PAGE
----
More than 30 high school students from across the United States participated in the inaugural Nashville installment of the GRAMMY Foundation's eighth annual GRAMMY Camp, held June 17–24 at Black River Entertainment. The eight-day residential summer music experience provided a real-world, hands-on environment that involved an in-depth look at the entire creative process from the first spark of original material through the promotion of a finished product. Students were able to participate in several career tracks, including Music Journalism, Electronic Music Production, Songwriting, Marketing & Management, Engineering for Audio & Video, and performance tracks for Drums, Guitar, Vocal, Keyboard, and Bass.
The program culminated on June 24 at Rocketown in Nashville with a launch party that featured students performing original songs and projects created during GRAMMY Camp. Performers included jazz/blues collective Bean, remix/production group Loco Syndicate and singer/songwriter trio Maybe April. Students also received feedback on their songs from music industry professionals and artists including Parachute's Will Anderson, singer/songwriter Sarah Darling and Topspin Senior Director of Artist Services Wayne Leeloy.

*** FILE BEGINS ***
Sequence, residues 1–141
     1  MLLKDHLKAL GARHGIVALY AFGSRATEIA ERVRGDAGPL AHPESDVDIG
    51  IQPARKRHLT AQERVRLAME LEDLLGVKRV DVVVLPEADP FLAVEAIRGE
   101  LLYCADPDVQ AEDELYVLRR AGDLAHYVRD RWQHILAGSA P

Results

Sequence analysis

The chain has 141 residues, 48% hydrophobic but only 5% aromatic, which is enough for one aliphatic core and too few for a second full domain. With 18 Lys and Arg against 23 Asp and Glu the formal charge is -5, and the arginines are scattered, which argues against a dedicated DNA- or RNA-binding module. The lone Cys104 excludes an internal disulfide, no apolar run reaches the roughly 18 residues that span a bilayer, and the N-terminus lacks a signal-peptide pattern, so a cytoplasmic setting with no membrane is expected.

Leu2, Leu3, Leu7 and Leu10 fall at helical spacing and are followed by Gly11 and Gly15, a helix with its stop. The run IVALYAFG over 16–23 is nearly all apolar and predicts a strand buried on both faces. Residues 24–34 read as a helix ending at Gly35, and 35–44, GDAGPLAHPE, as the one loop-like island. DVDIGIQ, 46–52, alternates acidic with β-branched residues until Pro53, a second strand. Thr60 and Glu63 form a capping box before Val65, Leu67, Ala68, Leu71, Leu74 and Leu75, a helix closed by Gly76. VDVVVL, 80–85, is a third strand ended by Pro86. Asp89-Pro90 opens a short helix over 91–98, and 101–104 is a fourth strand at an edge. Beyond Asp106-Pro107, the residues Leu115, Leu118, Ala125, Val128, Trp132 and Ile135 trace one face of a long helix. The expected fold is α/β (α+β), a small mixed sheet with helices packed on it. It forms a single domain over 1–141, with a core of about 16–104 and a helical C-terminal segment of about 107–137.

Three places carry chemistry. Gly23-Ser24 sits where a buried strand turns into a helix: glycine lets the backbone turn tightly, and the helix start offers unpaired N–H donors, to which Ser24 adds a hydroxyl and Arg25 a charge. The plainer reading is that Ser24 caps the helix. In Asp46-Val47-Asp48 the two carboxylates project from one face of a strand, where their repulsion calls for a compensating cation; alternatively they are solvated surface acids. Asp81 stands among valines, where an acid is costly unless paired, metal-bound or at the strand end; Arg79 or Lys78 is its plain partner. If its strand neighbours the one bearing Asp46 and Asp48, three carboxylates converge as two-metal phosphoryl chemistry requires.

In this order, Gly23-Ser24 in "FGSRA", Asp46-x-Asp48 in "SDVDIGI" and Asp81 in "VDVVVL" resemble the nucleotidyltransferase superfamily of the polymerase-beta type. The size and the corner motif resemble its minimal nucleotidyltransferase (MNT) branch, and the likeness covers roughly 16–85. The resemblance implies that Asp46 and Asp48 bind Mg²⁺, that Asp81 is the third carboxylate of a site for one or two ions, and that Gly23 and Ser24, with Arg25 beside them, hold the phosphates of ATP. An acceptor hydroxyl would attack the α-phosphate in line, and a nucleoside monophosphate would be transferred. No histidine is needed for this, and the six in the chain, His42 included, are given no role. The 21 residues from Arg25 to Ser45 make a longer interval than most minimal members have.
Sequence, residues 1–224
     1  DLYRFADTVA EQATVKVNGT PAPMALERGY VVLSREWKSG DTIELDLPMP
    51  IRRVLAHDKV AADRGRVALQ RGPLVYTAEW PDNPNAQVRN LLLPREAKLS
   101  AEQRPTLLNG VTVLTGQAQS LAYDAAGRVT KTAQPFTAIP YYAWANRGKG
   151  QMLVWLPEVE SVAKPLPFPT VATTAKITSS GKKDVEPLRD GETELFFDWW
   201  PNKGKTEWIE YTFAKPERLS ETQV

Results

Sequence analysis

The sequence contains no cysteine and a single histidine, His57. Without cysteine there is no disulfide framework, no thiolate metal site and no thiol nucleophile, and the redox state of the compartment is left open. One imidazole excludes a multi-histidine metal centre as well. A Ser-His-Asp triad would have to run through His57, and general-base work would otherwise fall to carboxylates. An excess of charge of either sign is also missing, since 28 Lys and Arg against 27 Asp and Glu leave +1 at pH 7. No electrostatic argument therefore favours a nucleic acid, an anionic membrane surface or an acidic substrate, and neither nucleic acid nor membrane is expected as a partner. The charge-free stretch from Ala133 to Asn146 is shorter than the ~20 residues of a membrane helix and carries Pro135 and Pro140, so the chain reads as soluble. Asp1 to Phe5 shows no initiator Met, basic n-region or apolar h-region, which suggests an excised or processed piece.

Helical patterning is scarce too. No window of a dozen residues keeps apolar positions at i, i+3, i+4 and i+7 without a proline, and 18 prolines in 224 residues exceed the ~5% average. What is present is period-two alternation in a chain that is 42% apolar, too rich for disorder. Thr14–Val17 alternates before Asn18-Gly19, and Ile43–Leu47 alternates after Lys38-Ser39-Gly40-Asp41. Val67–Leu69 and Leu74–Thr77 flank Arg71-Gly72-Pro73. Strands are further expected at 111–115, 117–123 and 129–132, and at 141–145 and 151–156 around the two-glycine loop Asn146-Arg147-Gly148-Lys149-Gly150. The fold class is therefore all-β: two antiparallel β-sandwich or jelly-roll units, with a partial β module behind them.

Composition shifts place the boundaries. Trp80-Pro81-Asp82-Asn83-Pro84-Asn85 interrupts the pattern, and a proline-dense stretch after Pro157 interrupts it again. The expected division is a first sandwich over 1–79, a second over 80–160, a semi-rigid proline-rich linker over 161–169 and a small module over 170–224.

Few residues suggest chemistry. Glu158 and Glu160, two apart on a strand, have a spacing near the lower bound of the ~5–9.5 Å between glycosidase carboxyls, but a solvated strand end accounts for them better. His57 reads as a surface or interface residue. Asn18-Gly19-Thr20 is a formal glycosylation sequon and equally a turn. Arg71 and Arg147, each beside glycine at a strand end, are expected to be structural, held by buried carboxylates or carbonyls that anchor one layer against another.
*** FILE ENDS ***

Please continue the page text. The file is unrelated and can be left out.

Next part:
"The biggest hurdle at this point is discovery," said Leeloy following Maybe April's performance. "It's getting people to know you."
The students were also addressed by President/CEO of The Recording Academy and GRAMMY Foundation Neil Portnow, who said, "As you continue your path in music and become our next generation of artists, industry professionals [and] audiences, I hope you will carry with you the things you've learned this summer at GRAMMY Camp Nashville."
GRAMMY Camp is the GRAMMY Foundation's signature music industry camp for U.S. high school students. The next installments of this year's GRAMMY Camp will take place in Los Angeles from July 14–23, and in Brooklyn, N.Y., from Aug. 6–13.
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